Fourth graders are expected to read a greater variety of texts and use knowledge gained from those texts to broaden their range of analytical skills. For fourth graders who struggle to extract meaning from what they have read, the task can seem insurmountable. However, there are several proven methods that can help make the challenge of reading comprehension less daunting for your child.
Vocabulary deficits put a student at an automatic disadvantage when it comes to comprehension. Help your child discover new words by introducing new root words, such as learning the Greek root "aesthet," utilizing prefixes and suffixes to change word meaning, and introducing homophones, or words that sound the same but have different meanings. These are all good basic strategies that will build background vocabulary for more complex fourth grade texts.
Collaborative Strategic Reading
Collaborative strategic reading is a questioning strategy that can be used at various grade levels and has been proven particularly effective for older students according to the National Center on Secondary Education and Transition. The first phase in this strategy involves four steps aimed at enhancing a student's understanding of the text. Previewing the text to activate the student's prior knowledge, either by brainstorming or by making predictions is the first. Then, while reading, students use the "click and clunk" strategy to monitor their understanding of the text. Students should keep track of the "clunks" -- items in the text that they don't understand -- for later discussion. "Get the gist" helps students understand the main idea by answering, "Who or what is it about? What is most important about the who or what?" The "wrap up" concludes phase one with students generating remaining questions and reviewing what they have learned. In phase two, students work together to perform phase one tasks, however one student acts as the CSR leader and monitors group discussion. The teacher uses this time to clarify concepts on an as-needed basis.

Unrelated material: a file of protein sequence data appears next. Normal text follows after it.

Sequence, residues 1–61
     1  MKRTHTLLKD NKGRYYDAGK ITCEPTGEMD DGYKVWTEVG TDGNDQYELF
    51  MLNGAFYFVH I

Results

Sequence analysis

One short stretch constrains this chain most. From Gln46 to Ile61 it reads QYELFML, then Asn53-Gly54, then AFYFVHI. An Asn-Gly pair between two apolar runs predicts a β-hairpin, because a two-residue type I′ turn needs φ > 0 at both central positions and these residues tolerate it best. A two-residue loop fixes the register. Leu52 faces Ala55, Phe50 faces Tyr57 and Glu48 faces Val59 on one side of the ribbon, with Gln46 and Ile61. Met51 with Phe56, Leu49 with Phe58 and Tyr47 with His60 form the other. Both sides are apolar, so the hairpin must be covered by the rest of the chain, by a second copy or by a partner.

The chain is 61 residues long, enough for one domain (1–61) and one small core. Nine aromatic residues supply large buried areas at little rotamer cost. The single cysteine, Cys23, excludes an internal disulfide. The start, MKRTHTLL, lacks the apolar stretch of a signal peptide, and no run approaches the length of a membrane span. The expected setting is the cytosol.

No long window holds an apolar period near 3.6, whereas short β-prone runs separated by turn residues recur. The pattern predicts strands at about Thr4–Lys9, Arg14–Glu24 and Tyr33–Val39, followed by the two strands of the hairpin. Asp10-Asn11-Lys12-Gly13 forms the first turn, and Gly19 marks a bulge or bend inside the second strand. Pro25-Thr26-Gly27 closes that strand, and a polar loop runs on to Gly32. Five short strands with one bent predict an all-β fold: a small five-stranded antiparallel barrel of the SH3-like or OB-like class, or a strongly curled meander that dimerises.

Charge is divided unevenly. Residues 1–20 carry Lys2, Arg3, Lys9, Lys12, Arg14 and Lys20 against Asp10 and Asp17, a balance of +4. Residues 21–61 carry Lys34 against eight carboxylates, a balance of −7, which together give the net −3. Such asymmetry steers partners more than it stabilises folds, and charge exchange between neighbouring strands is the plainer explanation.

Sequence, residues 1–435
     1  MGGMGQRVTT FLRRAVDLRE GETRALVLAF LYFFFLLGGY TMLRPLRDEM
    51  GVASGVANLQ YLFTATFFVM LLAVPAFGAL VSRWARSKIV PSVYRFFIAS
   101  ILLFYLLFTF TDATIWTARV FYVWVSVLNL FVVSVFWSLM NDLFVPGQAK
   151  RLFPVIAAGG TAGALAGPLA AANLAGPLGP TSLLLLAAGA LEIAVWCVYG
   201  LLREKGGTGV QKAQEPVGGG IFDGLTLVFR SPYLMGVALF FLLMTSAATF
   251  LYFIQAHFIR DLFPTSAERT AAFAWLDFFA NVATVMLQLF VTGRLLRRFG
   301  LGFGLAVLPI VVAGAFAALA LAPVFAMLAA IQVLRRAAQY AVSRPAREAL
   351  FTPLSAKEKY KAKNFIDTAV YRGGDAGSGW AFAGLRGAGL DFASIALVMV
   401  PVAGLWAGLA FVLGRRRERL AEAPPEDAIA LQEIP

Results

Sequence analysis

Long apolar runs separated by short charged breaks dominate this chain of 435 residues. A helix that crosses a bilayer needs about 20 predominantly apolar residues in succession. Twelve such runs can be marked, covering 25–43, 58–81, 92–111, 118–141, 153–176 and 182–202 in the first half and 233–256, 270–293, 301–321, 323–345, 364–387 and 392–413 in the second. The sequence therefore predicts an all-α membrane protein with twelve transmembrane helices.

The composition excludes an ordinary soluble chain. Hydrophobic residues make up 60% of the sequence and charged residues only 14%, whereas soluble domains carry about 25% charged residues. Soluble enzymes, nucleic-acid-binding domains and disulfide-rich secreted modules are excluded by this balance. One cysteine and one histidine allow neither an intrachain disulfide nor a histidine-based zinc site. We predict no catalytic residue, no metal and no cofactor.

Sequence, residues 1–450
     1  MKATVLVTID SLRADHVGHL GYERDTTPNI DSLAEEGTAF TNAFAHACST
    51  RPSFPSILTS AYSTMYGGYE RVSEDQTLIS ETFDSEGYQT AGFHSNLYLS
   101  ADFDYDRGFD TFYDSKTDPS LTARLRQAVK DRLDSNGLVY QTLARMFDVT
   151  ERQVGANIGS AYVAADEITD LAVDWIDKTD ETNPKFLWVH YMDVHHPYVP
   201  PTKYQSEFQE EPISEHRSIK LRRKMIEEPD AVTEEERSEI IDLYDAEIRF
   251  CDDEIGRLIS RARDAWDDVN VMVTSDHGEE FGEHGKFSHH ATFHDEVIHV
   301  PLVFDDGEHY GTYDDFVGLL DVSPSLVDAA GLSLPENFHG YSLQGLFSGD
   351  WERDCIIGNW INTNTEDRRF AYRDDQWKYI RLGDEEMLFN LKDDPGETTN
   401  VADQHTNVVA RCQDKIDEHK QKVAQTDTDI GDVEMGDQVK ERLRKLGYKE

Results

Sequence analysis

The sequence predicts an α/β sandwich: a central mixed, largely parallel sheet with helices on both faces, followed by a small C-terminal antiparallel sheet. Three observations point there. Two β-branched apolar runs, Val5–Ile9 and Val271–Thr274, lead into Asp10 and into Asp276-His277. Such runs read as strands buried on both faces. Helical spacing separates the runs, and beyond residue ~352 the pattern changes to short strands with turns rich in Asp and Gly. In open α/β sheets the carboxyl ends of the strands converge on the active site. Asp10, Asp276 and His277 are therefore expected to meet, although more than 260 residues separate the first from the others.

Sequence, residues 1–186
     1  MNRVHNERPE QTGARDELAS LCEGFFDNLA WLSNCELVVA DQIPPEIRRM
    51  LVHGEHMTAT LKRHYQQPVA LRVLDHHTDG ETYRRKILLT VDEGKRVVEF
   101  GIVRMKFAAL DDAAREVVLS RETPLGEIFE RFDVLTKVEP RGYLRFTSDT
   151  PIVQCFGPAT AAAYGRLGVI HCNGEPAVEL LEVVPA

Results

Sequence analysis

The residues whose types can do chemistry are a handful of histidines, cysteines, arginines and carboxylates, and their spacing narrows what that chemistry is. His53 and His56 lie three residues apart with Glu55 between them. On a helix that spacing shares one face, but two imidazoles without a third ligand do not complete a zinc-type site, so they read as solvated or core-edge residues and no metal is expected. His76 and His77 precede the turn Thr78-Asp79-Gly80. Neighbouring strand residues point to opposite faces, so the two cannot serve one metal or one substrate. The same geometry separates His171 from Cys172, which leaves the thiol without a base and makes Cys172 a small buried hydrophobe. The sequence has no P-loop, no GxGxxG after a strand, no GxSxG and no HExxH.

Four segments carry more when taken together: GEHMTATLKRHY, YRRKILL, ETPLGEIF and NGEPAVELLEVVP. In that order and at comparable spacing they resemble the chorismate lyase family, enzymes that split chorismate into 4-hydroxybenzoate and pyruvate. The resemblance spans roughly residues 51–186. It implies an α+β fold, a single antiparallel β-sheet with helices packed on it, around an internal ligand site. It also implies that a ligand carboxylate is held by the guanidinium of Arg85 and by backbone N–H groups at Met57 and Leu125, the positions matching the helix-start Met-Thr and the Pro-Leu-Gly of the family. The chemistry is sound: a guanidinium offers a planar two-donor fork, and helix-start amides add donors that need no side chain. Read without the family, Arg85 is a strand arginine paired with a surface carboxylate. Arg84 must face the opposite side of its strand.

Question-answer relationships help students understand different types of questions. The benefits of this strategy include improved comprehension as students think more deeply about the text. It also challenges them to use higher-order thinking skills to clearly support their responses. In this strategy, students are taught four main types of questions: "right there," meaning the answer is literal and found in the text, "think and search" in which the answers are gathered from several different parts of the text, and "author and you" questions that call on the student to combine his own experience or knowledge with information from the text to formulate a response. The final question type is "on my own." These questions draw only on the student's knowledge to answer and are often opinions.
Before, During and After
The before, during and after strategy begins with pre-reading activities, such as brainstorming, to test prior knowledge before beginning to read. During reading, students are asked to jot notes or keep track of questions they have. This is often done with sticky notes on the text itself. After reading, students are asked to reflect on what they learned. This can be done in either writing or the spoken word as long as it engages the reader and gives an accurate picture of the student's comprehension.
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